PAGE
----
Soybean and corn disease update

decrease font size  Resize text   increase font size       Printer-friendly version of this article Printer-friendly version of this article

Bacterial diseases in soybean and corn fields got a head start this growing season due to the wet spring and hail events occurring throughout South Dakota.

"The wet spring and also a few hail events have created conducive environment for bacterial diseases to develop in soybean and corn fields," said Emmanuel Byamukama, SDSU Extension Plant Pathology Specialist.

Several soybean fields inspected throughout the state had bacterial blight. Byamukama explained that bacterial blight is characterized by small water-soaked spots on the lower leaves. These spots later turn yellow then brown to black in the center, with a yellowish-green halo around the spots. The brown spots may coalesce into blotches that may tear and fall out after windy weather, giving the leaves a ragged appearance.

Cool (less than 80° F), wet weather favors the spread of the disease. Dry weather halts the spread of the disease up the plant.

"The bacteria survive on residue, therefore crop rotation and tillage may help reduce the severity of this disease," Byamukama said.

Goss's wilt and blight

Goss's wilt and blight were found in two counties: Faulk and Brown. This disease is caused by the bacteria, Clavibacter michiganesnsis subsp. nebraskensis. The pathogen causes two types of symptoms: systemic wilt of the entire plant and leaf blight.

The leaf blight symptom is the most encountered and is characterized by the dark spots that resemble freckles. The leaf blight lesions are large and longitudinal and can resemble other corn disease lesions like northern leaf blight. The presence of water soaked lesions and freckles are distinct symptoms for Goss's wilt.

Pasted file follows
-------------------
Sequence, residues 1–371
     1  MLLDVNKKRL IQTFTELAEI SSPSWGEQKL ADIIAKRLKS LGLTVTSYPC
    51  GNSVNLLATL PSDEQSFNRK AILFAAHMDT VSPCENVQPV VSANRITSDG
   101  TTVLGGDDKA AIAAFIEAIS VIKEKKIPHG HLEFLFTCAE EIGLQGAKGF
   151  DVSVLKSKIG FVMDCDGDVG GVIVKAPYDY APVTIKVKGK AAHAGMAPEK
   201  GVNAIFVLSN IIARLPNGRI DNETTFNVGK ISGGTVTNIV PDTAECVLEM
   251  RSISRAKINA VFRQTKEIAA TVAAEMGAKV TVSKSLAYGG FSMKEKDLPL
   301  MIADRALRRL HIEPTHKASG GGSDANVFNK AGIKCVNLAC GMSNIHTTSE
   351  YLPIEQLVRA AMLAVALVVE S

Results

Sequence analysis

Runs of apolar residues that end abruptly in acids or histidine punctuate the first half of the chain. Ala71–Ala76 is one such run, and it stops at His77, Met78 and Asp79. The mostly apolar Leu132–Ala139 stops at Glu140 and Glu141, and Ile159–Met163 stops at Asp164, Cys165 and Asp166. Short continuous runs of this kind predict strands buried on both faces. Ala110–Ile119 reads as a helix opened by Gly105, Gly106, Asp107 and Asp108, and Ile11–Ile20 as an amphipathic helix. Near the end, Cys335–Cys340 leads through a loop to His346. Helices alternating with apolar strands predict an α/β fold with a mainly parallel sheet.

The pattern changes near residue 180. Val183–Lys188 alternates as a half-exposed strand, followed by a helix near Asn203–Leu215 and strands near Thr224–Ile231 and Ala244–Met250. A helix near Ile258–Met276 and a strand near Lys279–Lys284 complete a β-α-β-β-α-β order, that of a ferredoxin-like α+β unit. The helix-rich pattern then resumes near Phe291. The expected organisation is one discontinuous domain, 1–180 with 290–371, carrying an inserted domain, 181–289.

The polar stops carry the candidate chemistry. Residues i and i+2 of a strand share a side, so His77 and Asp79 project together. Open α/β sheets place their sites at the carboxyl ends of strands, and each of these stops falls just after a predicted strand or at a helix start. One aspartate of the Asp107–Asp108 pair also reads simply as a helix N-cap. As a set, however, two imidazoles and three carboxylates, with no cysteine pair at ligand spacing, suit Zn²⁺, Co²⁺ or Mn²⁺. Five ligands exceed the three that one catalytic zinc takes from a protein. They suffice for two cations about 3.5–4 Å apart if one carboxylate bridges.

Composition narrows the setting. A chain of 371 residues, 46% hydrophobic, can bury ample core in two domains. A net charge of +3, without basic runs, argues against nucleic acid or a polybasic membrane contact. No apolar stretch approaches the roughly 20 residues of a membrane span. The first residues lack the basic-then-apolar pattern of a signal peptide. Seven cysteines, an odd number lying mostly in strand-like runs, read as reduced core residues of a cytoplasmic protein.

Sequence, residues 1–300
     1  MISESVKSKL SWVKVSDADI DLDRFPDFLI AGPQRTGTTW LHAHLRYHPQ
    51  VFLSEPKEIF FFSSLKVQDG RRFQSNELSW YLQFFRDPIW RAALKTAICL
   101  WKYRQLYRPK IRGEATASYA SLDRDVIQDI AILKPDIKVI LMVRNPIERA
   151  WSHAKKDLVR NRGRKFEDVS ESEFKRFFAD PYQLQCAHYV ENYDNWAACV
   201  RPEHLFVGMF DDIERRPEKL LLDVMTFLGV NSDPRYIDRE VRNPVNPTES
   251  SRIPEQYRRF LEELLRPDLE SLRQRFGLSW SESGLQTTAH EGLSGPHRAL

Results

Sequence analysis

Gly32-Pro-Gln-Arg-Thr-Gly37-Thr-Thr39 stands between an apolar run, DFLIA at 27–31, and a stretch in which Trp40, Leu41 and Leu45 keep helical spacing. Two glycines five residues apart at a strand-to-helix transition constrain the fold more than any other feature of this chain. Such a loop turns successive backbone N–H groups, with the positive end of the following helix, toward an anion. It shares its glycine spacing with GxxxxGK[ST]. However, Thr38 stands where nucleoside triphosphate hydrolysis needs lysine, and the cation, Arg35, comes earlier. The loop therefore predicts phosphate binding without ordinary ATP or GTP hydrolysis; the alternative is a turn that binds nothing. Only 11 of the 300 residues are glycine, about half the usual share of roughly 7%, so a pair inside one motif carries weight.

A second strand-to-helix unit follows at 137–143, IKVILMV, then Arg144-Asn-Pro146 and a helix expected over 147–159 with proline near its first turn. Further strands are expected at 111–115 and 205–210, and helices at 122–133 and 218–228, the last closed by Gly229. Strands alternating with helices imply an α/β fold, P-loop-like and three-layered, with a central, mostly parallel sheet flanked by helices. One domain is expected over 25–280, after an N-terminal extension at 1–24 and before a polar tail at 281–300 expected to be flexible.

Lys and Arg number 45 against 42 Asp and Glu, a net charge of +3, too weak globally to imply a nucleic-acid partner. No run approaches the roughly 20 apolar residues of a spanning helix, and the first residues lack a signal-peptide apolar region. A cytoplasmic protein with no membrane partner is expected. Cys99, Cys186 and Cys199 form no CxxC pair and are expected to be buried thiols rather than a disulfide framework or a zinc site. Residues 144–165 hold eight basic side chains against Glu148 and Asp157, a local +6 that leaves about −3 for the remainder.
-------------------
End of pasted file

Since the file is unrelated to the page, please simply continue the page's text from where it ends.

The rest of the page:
"When the bacteria infects the vascular system, it blocks water-conducting tubes leading to wilting of the entire plant," Byamukama said.

The bacteria overwinter on infested corn residue on soil surface and enter the plants through wounds created by hail, sand blasting, high winds and wounds created by insect feeding. Goss's wilt can be managed by selecting corn hybrids that are tolerant to this disease. If the field has history of Goss's wilt, selection of resistant/tolerant cultivars is the first step.

"Because the Goss's wilt pathogen survives on residue, tillage and crop rotation will reduce the inoculum. Fields at high risk are corn following corn and no-till/minimum till fields," he said. "Some weeds like foxtail, shattercane, and barnyard grass are hosts of the bacteria; therefore, early weed control is important to eliminate further sources of inoculum."

Some products are being marketed for Goss's wilt control; however, Byamukama said there is insufficient data in the region on the efficacies of these products.  

Holcus spot

Holcus spot, another bacterial disease was seen in one corn field in Brown County, the same field also had Goss's wilt. Holcus spot is caused by a different bacteria, Psedomonus syringae pv. sringae. Holcus spot is a rare disease and even when it occurs, seldom will it cause yield loss. Byamukama explained that the pathogen also survives on residues and is favored by rainy and windy weather early in the season.

Common smut and rust

Common smut on corn leaves was seen in a few fields that had hail damage in the northeast counties. The fungal pathogen infects young, actively growing parts usually through wounds and forms galls. The fungus survives on crop debris or soil and can remain viable for several years. If the spores land on the silk, the fungus will infect the developing kernels resulting in galls on ears.

"Most corn hybrids have good resistance to common smut, however, corn on corn, no-till, and hail damage conditions may increase the risk for common smut infection on leaves," Byamukama said.